It should be noted that long before OSHA, and long before direct-reading instruments were available, people were doing toxic gas detection to protect their employees; combustible gas detection to protect their employees and their facilities; and, of course, they also did this to obtain lower insurance rates.
These days, though, you can count on government regulations being in place to either guide your every move—or at least make helpful suggestions. Although our remarks are confined to US government agencies or non-governmental organizations (NGOs), similar decrees and statutes exist in many other countries.
Even before concerning oneself with the regulatory maze, a thorough hazard assessment should be performed to determine the types of gases that are present, and under what conditions they could be released. It may turn out that a low background concentration of various substances is unavoidable.
In the realm of potential toxic gas exposures, as detailed in 29 CFR 1910.1450b, OSHA defines the action level as:
A concentration designated in 29 CFR part 1910 for a specific substance, calculated as an eight (8)-hour time-weighted average, which initiates certain required activities such as exposure monitoring and medical surveillance.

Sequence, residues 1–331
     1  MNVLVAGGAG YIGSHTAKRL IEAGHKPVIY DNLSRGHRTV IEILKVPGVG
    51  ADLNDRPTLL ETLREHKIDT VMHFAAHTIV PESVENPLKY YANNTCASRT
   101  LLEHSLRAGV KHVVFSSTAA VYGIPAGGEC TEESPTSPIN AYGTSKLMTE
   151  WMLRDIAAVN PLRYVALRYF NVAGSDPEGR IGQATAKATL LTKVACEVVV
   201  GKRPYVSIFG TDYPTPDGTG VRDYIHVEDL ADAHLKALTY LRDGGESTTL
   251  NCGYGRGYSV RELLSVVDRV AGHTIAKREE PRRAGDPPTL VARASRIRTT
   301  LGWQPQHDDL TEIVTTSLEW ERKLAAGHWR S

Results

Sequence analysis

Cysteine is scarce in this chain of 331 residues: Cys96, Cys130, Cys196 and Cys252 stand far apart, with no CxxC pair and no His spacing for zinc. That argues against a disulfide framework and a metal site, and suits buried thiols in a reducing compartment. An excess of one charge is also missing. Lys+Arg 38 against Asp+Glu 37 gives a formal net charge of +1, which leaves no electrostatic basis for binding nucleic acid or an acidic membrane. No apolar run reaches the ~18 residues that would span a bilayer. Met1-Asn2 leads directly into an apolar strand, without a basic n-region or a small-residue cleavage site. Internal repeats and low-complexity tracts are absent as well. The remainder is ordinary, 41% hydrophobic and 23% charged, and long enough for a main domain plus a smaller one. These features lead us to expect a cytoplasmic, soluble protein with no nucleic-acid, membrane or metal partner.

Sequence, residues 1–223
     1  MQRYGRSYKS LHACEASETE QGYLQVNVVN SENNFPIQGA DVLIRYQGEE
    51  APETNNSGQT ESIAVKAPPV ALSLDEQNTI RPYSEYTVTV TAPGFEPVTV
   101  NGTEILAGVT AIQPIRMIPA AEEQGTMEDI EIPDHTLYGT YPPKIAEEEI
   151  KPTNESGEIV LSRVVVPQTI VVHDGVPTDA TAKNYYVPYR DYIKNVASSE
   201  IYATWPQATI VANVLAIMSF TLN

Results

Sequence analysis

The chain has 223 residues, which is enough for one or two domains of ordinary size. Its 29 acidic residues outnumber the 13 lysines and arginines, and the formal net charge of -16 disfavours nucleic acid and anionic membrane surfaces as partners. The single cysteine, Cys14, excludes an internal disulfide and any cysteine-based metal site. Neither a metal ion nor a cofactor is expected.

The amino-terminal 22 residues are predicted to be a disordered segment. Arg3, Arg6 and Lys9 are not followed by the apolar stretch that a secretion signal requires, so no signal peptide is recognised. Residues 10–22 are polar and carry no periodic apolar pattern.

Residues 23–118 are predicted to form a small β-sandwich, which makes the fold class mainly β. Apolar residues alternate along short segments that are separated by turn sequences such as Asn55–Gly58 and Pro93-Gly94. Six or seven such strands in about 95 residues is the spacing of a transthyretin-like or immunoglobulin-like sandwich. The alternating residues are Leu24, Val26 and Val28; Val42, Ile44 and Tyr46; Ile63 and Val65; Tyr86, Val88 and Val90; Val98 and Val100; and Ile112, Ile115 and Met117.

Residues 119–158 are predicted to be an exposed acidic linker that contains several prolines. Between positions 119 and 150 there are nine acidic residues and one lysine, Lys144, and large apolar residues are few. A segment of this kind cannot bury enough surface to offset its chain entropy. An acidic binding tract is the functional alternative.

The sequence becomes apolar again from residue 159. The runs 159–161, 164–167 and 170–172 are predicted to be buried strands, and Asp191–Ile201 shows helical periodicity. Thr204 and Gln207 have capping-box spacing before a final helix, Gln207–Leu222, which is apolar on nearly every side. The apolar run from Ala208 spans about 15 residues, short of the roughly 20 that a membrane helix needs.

In the majority of cases, some sort of gas detection instrument—or system—will be the most appropriate way to comply with this regulation.
As to combustible gas situations, various regulations and guidelines apply:
- 29 CFR 1926.800 covers the aspects of combustible gases in underground construction
- 29 CFR 1910.146 covers permit-required confined spaces
- Instrument Society of America (ISA) ANSI/ISA-12.13.01-2003
- The National Fire Protection Association (NFPA) produces many documents in this field
A draft technical report from ISA (ISA-TR12.13.03), entitled Guide for Combustible Gas Detection as a Method of Protection, references several other documents and may be of interest.
We strongly recommend consulting with one or more gas detection instrument companies to nail down the details of your application. We would also recommend this page on how to get started.
Please contact us if we can be of further assistance.